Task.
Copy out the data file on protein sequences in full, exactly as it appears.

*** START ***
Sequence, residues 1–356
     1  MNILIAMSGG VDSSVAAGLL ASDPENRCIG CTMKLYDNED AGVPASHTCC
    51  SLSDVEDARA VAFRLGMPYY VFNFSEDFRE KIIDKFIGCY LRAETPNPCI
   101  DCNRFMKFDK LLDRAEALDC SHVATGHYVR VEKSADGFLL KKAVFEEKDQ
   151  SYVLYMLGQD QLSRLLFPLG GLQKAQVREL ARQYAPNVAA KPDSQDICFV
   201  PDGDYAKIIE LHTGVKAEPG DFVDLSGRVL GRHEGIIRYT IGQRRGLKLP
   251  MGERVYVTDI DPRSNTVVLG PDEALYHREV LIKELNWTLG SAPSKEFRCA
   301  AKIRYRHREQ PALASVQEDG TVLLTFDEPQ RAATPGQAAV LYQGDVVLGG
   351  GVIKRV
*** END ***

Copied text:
Sequence, residues 1–356
     1  MNILIAMSGG VDSSVAAGLL ASDPENRCIG CTMKLYDNED AGVPASHTCC
    51  SLSDVEDARA VAFRLGMPYY VFNFSEDFRE KIIDKFIGCY LRAETPNPCI
   101  DCNRFMKFDK LLDRAEALDC SHVATGHYVR VEKSADGFLL KKAVFEEKDQ
   151  SYVLYMLGQD QLSRLLFPLG GLQKAQVREL ARQYAPNVAA KPDSQDICFV
   201  PDGDYAKIIE LHTGVKAEPG DFVDLSGRVL GRHEGIIRYT IGQRRGLKLP
   251  MGERVYVTDI DPRSNTVVLG PDEALYHREV LIKELNWTLG SAPSKEFRCA
   301  AKIRYRHREQ PALASVQEDG TVLLTFDEPQ RAATPGQAAV LYQGDVVLGG
   351  GVIKRV